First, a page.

The invention is directed to an arrangement for analyzing text having words from a plurality of language sources in which successive sequences of letters of a word in the text are selected. At least one signal representative of the probability that the text word corresponds to a particular language source is generated responsive to said selected letter sequences. A particular language source is selected for generation of phonetic signals responsive to said probability representative signals.
FIG. 1 depicts a block diagram of an arrangement for generating phonetic patterns corresponding to input text illustrative of the invention;
FIGS. 2A, 2B, 3, and 4 show flow charts illustrating stress pattern formation according to the invention; and
FIG. 5 depicts a signal processor arrangement adapted to generate phonetic patterns illustrative of the invention.
As is well known in the art, pronunciation of words derived from another language may retain the original language pronunciation rather than follow standard rules. This is particularly true of proper nouns such as names of persons and places. The etymology may be determined from the statistical properties of the sequence of characters in the word. For example, the probability that the name Aldrighetti is Italian can be estimated by computing the probability that each of the three letter sequences (trigrams) in Aldrighetti occurs in Italian and forming the product of the trigram probabilities.
Prob(Aldrighetti is Italian)=Prob(--A is Italian)Prob(--Al is Italian)Prob(Ald is Italian). (1)
The maximum likelihood that Aldrighetti is Italain given that it comes from one of the known languages (e.g., Italian, Japanese, Greek, French) can be expressed as: ##EQU1##
The trigram model to determine the etymology of a text word is appropriate because most languages in question have very different ordering constraints on phonemes (phonotactics), and these differences are reflected in the trigram probabilities, as illustrated in Tables 1 and 2. Table 1 lists all trigrams starting with ig as estimated from two training corpora of Italian and Japanese names of a 1000 names each.
TABLE 1______________________________________Probability of X/ig-Italian Japanese______________________________________igl 39% igu 42%ign 15% iga 35%igo 15% ige 15%igi 12% igi 8%iga 6% 100%igr 6%igg 3%igh 3% 100%______________________________________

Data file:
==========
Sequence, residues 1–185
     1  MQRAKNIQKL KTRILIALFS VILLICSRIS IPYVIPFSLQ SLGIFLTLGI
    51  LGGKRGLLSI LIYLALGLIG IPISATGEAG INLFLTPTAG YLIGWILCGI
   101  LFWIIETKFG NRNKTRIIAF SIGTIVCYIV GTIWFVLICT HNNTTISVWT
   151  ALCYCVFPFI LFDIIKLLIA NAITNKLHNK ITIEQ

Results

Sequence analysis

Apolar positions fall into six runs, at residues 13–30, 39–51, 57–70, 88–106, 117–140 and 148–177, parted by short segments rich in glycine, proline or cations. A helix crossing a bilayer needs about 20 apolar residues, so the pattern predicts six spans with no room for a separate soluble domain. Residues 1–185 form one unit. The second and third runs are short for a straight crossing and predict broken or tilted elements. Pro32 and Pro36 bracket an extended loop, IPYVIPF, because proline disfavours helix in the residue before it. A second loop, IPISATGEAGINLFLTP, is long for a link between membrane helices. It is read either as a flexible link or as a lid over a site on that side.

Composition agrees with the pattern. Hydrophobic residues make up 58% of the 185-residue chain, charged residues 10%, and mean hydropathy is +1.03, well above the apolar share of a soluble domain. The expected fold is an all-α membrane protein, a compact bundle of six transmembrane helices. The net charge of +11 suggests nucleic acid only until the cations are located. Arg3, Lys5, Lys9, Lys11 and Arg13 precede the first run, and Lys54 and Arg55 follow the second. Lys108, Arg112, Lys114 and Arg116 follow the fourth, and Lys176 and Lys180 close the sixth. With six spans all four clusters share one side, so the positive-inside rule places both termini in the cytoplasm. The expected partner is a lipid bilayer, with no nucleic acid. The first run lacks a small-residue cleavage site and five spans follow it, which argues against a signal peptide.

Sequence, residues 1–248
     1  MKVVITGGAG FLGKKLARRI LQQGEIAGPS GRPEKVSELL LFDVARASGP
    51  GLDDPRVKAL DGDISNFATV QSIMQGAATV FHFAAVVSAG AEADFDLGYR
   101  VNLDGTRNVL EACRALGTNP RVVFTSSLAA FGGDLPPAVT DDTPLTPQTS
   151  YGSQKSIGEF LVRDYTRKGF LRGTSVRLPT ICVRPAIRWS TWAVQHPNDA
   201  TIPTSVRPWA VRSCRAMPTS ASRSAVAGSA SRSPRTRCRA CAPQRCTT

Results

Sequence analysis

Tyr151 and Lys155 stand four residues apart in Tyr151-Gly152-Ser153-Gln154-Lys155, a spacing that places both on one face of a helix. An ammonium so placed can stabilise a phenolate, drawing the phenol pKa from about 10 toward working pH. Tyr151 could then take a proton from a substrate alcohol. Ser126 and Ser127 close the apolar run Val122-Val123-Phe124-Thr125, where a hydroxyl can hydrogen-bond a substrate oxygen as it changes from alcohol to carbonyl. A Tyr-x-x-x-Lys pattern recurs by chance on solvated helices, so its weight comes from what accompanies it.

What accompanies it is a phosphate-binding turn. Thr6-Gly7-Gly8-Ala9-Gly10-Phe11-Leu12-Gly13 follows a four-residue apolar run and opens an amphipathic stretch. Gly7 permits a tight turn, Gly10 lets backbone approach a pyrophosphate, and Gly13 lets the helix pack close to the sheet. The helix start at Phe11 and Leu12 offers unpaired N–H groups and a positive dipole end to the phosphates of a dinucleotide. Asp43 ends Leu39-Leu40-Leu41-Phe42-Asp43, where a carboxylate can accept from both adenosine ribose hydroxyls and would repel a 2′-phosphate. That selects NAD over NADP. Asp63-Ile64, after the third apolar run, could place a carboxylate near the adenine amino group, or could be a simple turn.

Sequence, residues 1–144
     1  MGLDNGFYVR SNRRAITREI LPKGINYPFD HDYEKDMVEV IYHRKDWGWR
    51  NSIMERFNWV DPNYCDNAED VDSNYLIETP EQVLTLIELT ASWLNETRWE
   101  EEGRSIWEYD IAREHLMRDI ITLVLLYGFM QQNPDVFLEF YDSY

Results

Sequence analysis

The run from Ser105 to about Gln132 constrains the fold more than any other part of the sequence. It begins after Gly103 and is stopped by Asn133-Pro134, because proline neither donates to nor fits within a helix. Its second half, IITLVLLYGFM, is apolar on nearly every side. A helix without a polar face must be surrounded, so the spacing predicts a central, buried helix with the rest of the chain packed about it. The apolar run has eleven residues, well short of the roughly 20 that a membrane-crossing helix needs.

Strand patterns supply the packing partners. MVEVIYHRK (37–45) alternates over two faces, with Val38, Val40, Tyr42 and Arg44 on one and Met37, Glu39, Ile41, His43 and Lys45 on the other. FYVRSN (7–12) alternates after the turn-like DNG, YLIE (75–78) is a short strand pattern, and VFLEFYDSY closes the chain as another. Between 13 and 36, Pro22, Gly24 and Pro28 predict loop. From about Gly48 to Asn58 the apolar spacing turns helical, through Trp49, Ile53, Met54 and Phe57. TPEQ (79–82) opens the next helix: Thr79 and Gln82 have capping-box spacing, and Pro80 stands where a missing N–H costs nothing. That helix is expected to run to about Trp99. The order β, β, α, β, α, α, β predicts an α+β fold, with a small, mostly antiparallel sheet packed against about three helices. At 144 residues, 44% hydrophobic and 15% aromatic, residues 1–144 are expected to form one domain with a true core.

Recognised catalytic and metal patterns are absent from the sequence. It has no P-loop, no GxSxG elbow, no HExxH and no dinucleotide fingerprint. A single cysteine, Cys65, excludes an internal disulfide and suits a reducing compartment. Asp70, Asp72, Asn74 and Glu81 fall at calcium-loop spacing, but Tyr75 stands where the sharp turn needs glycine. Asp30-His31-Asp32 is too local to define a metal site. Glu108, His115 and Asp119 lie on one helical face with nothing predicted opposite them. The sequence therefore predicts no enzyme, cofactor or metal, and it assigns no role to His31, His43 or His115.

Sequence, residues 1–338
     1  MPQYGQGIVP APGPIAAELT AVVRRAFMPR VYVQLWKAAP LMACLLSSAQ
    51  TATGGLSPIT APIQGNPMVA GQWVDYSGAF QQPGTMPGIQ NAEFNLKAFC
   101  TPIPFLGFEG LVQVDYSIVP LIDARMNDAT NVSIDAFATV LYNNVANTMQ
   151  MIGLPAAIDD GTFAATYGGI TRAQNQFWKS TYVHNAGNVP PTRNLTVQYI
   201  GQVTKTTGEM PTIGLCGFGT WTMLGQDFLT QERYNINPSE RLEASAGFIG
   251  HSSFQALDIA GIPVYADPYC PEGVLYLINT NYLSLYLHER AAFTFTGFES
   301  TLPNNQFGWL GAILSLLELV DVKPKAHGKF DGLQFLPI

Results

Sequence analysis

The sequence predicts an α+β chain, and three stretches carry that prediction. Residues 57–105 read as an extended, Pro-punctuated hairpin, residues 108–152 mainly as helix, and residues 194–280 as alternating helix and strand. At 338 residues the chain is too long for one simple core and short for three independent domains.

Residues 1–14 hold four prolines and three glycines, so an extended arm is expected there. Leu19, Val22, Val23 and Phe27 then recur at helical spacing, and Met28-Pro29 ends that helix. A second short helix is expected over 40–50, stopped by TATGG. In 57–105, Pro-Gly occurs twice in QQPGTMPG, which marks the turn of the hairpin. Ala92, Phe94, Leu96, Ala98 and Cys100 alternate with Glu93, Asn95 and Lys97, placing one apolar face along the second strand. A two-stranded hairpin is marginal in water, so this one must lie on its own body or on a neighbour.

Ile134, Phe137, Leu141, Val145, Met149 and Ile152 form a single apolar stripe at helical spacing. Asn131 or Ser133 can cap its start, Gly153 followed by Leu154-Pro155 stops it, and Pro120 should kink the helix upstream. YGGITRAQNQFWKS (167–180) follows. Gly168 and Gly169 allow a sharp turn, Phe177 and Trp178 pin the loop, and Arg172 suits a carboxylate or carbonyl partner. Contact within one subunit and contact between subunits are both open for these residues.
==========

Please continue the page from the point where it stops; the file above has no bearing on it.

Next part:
These statistics indicate that consonant sequences are much more common in Italian than in Japanese, where consonants and vowels show a very strong tendency to alternate. Table 2 lists a number of trigrams which are stereotypical of certain languages. The zero valued trigram probability estimates in Table 2 are valid to two significant places.
TABLE 2______________________________________Trigram Probabilites (%)Trigram Italian Japanese Greek French______________________________________igh 3% 0% 0% 9%ett 70% 0% 3% 22%cci 25% 0% 0% 0%fuj 0% 30% 0% 0%oto 0% 61% 14% 0%mur 0% 86% 0% 0%los 4% 0% 65% 0%dis 3% 0% 74% 5%kis 0% 6% 73% 0%euv 0% 0% 0% 9%nie 1% 0% 2% 50%ois 10% 6% 0% 61%geo 0% 0% 38% 14%eil 0% 0% 0% 50%______________________________________
Consequently, trigrams or other predetermined letter sequences may be used to determine the etymology of a word from text. Where dictionary lookup fails for unknown words, etymology based on trigrams may be utilized to determine the phonetic pattern of the word. In particular, the etymology can be used to determine the stress pattern of the word. Table 3 lists language of origin, and the syllables stressed in that language.
TABLE 3______________________________________Orgin Stress Examples______________________________________French Final Annette, GrangeoisItalian Penultimate Olivetti, MarconiJapanese Penultimate Fujimoto, UmedaGreek Penultimate/ Demetriadis, Antepenultimate AnagnostopoulosEnglish Penultimate/ Carpenter, Churchill Antepenultimate______________________________________
In accordance with the invention, trigram probability signals are formed by estimating the probability of occurrence of letter pairs, e.g., (x, y) and then producing an estimate of the conditional probability of occurrence of the triplet including the letter pair, e.g., (x, y, z) given the occurrence of the pair x, y in a particular language. This relationship may be obtained from counts of the occurrence of trigram xyz and bigram xy for the language of interest as follows: